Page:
TELLICO PLAINS (WATE) - When life serves you lemons, you make lemonade. A Monroe County woman who got a sour deal when she lost her job didn't turn to lemonade. She turned to the mountains she'd grown up in and found everything she needed to succeed.
It's often said that necessity is the mother of invention, and no one knows that better than Christy Humberd.
Two years ago, she gave birth to her son Jackson and found that he really couldn't handle store bought products very well.
"My son has super sensitive skin and was born with really bad eczema. And all the bought soaps and lotions would make him worse, and so that was why I began making soaps," said Humberd.
She learned soap making on the Internet, and after a while, she got pretty good at it. Humberd says her soaps really caught on with her family.
She never thought about making a living making soaps until a year ago when she lost her job teaching music due to school budget cuts.
Again, necessity reared its head, and the Green Cove Soap Company was born.
"It was a great opportunity because I can make soap and stay at home with my son and I can still make a living. It's been a great thing," she said.
Humberd's soaps are all natural and all unique. She uses herbs and medicinal plants which have properties she learned from her grandfather and others.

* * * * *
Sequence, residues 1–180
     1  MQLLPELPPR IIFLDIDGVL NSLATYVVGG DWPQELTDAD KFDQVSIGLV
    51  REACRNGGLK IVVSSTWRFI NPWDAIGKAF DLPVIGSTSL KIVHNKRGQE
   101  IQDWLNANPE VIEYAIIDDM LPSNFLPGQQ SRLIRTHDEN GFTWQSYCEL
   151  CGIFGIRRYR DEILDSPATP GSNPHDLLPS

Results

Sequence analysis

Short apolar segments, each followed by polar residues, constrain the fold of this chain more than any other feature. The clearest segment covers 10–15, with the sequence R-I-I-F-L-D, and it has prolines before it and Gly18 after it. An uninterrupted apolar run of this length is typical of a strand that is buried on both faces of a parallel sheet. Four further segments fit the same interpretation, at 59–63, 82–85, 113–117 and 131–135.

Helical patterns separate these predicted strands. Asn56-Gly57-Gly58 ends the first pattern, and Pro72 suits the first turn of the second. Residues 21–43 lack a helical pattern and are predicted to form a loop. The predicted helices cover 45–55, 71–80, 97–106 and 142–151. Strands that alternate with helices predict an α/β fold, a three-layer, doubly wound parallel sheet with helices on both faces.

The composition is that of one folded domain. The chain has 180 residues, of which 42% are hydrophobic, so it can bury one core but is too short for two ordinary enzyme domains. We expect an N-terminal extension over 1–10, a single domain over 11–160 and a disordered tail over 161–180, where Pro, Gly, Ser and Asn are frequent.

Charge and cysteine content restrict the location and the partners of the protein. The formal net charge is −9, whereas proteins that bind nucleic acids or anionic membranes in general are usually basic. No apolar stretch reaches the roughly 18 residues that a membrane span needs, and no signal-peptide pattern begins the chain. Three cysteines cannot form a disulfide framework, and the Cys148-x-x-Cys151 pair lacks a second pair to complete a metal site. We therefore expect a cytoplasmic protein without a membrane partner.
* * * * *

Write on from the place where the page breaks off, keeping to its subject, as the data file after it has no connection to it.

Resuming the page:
One example is jewel weed, a soap that soothes the rash if you get poison ivy. Another is pumpkin seed, which can help the skin because it's rich in vitamins.
"It's very pleasant. It's a lot different than teaching kids at school," Humberd said of her new career.
She spends her time in Green Cove, high atop Riddle Hill, in the heart of the Cherokee National Forest. Her family bought the land in the 1960s. She now relies heavily on the plants here for her products.
Christy Humberd showed 6 News how she seeks out a plant to harvest for a soap ingredient, In this case, a small sassafras tree.
"I'm just going to dig up the root ball and make a tea out of it, which is great for the skin and full of vitamins," she explained.
She left enough root so that it will grow back eventually. She then took the root back to her home and boiled it to create a dark tea.
The tea goes into an oil mixture, then lye goes in, and it's carefully mixed until it thickens.
It's then poured into molds, and 24 hours later, it's cut into cakes.
"Once it hardens, you let it set for four to six weeks so the Ph goes back to normal. If I were in a hurry and used it tomorrow, it would just burn your skin because of the lye in it. So, it has to set," she said.
She sells her soaps at the local farmer's market, at stores in Tellico Plains and on her website.
Humberd is happy with her business and hopes it continues to grow.
For more on Green Cove Soaps and its other products, you can visit Humberd's website.
If you know of a product we should feature in our Made in Tennessee series, send us an email.